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What is a Compassionate Community ?
Where people are encouraged to engage and be informed about death, dying and care and adapt their behaviour to be active in supporting others at end of life


What does that look like in the real world?

People in the same geographical area or with common links (sport, church, workplace, cultural groups) work together to

  • Care for people at end of life, from illness through to bereavement for family, friends and carers of people who have died – including people who are vulnerable or marginalised.

  • Respect and respond to the needs and wishes of the dying person and their families, including social, physical, psychological, cultural and spiritual aspects.

  • Be led from within the local community than by palliative care or public health.

  • Work alongside service providers to support people at end of life and their family and carers through the experience of illness, dying and bereavement.

  • Are initiated and grown out of a community need.

Yes.... But what does it DO?

A common confusion is that Compassionate Communities or 'ComCom' should be doing the work as a service provider - like a council or a health service. As soon as a group using a ComCom approach is pigeonholed into providing services (regular transport etc) it can miss the achieve the primary goal of creating a culture where death and dying are discussed and everyone knows where to get help to provide the care. It might still improve the care of people at end of life, but it is not improving the culture and knowledge in the community to manage when the next crisis comes along.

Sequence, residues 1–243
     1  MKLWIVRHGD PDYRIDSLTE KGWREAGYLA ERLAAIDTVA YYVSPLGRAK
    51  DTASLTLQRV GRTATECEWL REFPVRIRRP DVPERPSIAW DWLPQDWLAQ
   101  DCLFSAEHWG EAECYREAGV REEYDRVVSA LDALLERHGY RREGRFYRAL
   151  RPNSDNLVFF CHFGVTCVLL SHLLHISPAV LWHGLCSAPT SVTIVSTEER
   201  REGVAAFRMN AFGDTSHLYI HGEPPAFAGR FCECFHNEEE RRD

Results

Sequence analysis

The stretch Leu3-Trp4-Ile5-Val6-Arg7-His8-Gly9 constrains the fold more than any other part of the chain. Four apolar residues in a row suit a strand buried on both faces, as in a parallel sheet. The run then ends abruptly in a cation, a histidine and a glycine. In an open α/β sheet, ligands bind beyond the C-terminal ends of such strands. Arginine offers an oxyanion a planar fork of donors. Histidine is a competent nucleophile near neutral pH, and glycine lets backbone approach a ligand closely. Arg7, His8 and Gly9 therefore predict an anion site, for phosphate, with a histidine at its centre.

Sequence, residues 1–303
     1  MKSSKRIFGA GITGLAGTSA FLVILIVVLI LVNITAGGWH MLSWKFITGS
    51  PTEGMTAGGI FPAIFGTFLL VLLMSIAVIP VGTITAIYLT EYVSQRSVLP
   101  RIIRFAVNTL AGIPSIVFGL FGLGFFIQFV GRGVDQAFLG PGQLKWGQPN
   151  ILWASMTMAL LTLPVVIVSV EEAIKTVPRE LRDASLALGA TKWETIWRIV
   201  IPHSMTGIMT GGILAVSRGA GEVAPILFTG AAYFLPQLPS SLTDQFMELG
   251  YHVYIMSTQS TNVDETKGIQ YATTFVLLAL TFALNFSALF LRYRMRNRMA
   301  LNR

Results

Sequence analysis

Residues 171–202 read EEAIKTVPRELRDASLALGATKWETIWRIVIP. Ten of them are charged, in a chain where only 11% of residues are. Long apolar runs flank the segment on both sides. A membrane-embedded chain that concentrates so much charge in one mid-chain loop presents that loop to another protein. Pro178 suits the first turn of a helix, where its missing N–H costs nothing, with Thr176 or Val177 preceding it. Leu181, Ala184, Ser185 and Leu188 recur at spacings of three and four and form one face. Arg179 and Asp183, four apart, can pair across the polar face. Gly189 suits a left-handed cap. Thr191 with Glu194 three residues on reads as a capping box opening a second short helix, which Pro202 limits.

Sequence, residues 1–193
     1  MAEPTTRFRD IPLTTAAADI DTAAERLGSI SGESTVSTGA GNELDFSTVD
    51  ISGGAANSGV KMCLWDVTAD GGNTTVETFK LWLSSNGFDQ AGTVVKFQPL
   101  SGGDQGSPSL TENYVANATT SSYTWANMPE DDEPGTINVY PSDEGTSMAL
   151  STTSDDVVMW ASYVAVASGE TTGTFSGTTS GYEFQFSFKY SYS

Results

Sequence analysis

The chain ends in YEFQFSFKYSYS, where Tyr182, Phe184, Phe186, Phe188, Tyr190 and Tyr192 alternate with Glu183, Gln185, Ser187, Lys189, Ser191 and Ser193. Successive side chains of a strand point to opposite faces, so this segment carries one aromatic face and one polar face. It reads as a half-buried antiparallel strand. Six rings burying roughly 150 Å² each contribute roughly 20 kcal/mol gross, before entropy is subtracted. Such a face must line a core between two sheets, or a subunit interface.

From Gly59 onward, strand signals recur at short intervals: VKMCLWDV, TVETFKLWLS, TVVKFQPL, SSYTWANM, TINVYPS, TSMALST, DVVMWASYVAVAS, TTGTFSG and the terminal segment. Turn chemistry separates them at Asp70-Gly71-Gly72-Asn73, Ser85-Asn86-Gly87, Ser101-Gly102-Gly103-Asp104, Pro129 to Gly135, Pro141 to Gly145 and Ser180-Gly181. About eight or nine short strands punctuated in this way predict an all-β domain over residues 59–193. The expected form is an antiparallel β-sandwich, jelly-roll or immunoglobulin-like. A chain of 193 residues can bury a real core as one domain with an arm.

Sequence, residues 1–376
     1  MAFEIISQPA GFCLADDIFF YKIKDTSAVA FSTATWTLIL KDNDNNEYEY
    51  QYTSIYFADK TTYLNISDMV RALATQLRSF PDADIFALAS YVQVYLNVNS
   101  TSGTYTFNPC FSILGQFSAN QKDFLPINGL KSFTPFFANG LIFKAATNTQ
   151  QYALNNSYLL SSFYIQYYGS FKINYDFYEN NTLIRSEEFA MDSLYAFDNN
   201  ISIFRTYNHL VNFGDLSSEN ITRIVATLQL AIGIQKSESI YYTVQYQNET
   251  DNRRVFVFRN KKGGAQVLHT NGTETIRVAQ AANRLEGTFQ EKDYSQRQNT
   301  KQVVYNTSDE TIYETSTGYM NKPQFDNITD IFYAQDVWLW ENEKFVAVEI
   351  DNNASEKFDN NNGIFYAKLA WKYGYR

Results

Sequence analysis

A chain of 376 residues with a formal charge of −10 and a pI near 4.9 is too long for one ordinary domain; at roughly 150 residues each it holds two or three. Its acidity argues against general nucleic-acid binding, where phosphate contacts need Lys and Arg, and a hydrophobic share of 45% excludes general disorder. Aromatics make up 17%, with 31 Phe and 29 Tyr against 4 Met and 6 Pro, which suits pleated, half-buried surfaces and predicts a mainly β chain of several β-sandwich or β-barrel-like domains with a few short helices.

By teaching core skills in caring for someone at end of life to anyone who is interested, we increase the pool of people who might be able to support a family if their needs are not able to be met by their own network of friends, family and formal care services from health services or council.

Using a ComCom approach, people can gain the confidence to support their neighbours and know where to get more help when someone is dealing with end of life issues - without having to complete the piles of paperwork that go alone with volunteering with a service. People assist each other in the real world and use their common sense and accept an element of personal risk rather than default to rely on insurance.



That's OK - It can be a confusing concept
Have a chat to one of the Shannon's Bridge team or
check out

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